Asperger Syndrome and Preventing Rape

December 2, 2014

By Dan Coulter

* Please see the update at the end of this article.

Warning: This article contains material that may be disturbing.

A lot of people were shocked recently by the revelations around a gang rape of a girl student named Jackie on the campus of the University of Virginia.   In a Rolling Stone article, Jackie described being assaulted by seven men for three hours in a fraternity house.

 

An unexpectedly disturbing aspect of the assault was the attitude of the friends who she phoned for help when she escaped. They urged her not to report the crime or to go a hospital because it would destroy her reputation and damage their own social status.  One friend said, “She's gonna be the girl who cried 'rape,' and we'll never be allowed into any frat party again."  Later, when Jackie determined she had to report the crime, members of the UVA community she confided in tried to convince her not to, "One of my roommates said, 'Do you want to be responsible for something that's gonna paint UVA in a bad light?' ”

 

They seemed oblivious to the fact that ignoring the crime would only make it more likely to be repeated in the future.

 

What's this case got to do with Asperger Syndrome?  Nothing directly.  

 

But when I heard the story, I thought of how people with Asperger Syndrome are often vulnerable to being influenced by others. It's a concern to think of female students with Asperger Syndrome on high school and college campuses being influenced by others who don't see rape as a serious crime that needs to be seen as a threat, reported, and stopped.  It's also a concern to think of suggestible student male students with Asperger Syndrome listening to other males portraying forcing a woman into sex as a male entitlement or a sport.

 

And at least one of the people involved in Jackie's nightmare was driven by peer pressure.  In the description of the assault, Jackie recognized one of her assailants from her anthropology class.  She described him as looking scared and ready to throw up.  When he admitted he couldn't perform, the other men taking part egged him on, "Don't you want to be a brother?" "We all had to do it, so you do, too."  Someone handed him a beer bottle that he pushed into the traumatized girl.

 

If you're like me, you can't help but think of harsh punishments that should be visited on the men involved.  But we should also think about how we can help prevent such crimes in the future.  Providing children with Asperger Syndrome with appropriate sex education now can help them recognize and avoid dangerous situations, and respond appropriately if they're inadvertently exposed to them.

 

Young people with Asperger Syndrome, more than their typically developing peers, need clear instructions about what's appropriate and how to react in specific circumstances.  They need practical examples and demonstrations of how to ask for a date and how to act on a date. They need to know about where it's safe to go with a date as you learn to trust each other.  They need help understanding the implications of social touching, from hand-holding and kissing through having intercourse.  They need help understanding that everyone deserves respect and that “No” means “No.”  “Maybe” means “No,” not now, perhaps later. Only “Yes” means “Yes.”  They need instruction on the different ways someone can indicate “Yes” without saying the word – and how to ask, “Is that a 'Yes?'” just to be sure.  They need to be reassured that people with Asperger Syndrome may need a lot more time than typical peers -- even years -- to reach the point where they can make mature decisions about whether to have sex.  And they need to know that waiting is okay.  They need understanding mentors who will answer their questions with sensitivity and honesty.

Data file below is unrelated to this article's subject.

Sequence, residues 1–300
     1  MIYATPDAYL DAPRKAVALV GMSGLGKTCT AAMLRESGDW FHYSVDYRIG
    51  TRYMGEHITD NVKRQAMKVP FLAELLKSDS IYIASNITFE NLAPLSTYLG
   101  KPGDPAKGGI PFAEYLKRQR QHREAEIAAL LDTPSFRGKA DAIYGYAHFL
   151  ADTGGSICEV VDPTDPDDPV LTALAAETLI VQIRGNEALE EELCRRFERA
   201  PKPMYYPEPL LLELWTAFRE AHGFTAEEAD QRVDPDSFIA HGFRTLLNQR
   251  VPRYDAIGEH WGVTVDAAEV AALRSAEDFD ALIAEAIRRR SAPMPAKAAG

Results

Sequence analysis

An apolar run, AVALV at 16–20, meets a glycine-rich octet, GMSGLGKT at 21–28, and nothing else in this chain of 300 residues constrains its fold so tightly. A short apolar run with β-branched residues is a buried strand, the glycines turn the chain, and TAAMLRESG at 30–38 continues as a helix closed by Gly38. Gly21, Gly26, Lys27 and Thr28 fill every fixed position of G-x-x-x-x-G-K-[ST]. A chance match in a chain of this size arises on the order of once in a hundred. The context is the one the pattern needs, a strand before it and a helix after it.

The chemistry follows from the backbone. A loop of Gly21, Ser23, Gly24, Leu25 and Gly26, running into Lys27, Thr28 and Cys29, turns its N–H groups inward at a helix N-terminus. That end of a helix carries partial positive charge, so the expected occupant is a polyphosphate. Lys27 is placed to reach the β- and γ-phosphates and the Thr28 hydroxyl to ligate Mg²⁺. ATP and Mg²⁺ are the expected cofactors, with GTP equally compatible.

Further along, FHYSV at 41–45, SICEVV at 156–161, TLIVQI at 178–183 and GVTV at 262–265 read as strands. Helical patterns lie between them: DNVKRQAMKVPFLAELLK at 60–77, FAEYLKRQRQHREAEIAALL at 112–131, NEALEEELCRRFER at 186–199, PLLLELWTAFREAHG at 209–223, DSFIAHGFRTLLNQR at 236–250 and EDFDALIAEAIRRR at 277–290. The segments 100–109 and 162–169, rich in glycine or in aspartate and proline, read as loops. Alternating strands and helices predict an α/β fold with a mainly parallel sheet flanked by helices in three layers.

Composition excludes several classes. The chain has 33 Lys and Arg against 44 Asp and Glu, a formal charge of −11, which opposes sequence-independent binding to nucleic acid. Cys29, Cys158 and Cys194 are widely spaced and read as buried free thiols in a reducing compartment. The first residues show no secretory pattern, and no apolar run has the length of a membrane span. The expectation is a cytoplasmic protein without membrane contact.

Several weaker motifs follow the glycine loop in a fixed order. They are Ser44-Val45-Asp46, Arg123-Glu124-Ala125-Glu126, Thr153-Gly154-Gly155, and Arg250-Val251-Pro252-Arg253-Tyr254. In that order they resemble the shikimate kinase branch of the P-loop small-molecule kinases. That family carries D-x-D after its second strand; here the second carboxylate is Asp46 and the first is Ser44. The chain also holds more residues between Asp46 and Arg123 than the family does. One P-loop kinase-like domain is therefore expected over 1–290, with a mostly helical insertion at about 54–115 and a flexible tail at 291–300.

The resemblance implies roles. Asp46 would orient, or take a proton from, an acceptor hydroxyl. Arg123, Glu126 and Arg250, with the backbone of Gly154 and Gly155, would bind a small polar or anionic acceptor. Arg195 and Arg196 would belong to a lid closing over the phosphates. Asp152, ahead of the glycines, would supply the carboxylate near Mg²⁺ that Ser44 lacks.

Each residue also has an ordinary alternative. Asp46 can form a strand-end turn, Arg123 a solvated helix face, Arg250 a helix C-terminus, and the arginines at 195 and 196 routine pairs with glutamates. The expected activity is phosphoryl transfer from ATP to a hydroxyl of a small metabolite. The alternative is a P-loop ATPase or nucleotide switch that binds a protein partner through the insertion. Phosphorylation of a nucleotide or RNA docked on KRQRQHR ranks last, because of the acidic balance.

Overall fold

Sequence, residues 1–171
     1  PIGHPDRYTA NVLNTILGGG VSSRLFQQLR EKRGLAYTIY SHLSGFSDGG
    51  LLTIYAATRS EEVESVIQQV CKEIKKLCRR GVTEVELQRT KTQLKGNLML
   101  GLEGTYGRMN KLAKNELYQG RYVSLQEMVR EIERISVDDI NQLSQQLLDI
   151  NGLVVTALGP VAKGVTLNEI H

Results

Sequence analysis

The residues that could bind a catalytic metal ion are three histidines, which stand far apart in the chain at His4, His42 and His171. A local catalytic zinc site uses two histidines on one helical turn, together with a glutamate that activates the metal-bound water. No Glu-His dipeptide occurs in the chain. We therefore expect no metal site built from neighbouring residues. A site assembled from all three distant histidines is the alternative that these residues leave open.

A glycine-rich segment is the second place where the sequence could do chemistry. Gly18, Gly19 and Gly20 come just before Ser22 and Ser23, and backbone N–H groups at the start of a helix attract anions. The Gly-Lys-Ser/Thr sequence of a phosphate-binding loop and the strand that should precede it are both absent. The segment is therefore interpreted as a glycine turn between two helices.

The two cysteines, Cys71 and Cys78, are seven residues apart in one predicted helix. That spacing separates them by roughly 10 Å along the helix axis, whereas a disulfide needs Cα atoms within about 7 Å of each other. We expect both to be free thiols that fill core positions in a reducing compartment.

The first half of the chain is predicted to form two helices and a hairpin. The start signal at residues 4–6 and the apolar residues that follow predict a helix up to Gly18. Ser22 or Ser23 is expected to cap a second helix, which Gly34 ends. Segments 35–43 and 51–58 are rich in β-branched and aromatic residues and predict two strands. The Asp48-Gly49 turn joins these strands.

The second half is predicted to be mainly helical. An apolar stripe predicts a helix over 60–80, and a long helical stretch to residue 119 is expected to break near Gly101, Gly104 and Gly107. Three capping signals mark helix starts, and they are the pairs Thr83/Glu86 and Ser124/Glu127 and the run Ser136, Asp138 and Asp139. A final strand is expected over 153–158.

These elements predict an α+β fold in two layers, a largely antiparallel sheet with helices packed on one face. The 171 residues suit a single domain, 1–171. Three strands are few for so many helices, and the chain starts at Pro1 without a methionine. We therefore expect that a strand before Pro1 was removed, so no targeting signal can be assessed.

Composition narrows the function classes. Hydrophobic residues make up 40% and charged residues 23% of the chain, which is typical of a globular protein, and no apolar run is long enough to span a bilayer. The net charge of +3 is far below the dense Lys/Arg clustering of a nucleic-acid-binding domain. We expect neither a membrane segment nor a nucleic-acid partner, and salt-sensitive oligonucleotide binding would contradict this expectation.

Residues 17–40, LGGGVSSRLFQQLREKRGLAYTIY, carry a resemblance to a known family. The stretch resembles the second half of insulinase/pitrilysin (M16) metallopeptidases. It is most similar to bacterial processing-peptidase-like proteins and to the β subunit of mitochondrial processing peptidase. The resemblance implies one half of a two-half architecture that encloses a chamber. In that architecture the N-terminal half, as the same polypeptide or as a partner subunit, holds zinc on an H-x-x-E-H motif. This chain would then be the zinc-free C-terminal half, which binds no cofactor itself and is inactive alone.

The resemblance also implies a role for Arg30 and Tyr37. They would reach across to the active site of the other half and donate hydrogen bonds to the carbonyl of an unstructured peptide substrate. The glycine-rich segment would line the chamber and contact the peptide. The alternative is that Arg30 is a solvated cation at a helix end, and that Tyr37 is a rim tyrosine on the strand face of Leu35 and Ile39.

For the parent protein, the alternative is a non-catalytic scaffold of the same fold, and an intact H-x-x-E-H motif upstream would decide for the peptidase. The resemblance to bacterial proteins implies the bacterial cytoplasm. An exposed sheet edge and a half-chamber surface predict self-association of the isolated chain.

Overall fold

Most children in today's culture are confronted with sexual images and ideas at ages younger than their parents were. It's never too early to start sharing age-appropriate information about what we've called “the facts of life.”  You can share more information in stages as they're ready.  There are plenty of materials available to help you determine what to share with your child (and when) to meet his or her needs at different stages of development.

 

Picture your child being confronted by a new and confusing situation and being taken advantage of by a peer or group of peers.  Now picture your child knowing what to do and confidently responding exactly as you'd wish.

 

Because you showed them how.

 

ABOUT THE AUTHOR: Dan Coulter is the author of “The Puberty Video for Boys with Asperger Syndrome” and “Managing Puberty, Social Challenges, and (Almost) Everything: A Video Guide for Girls.”  You can find more information and articles on his website: coultervideo.com.

 

Copyright Dan Coulter 2014             Used By Permission           All Rights Reserved

 

*After the Rolling Stone story referenced in this article caused widespread coverage in other media, the publication issued an apology -- saying that doubt had been cast on key elements reported in the story. Rolling Stone's editor said and that the publication had made a mistake in relying solely on the word of the accuser and not attempting to interview the men she accused.  A number of organizations and publications are still trying to determine the validity of the story.  Whatever these investigations determine, there is no doubt that rape is a serious problem on and off college campuses, and that parents are well advised to take actions that will help keep their children and others safe.

 

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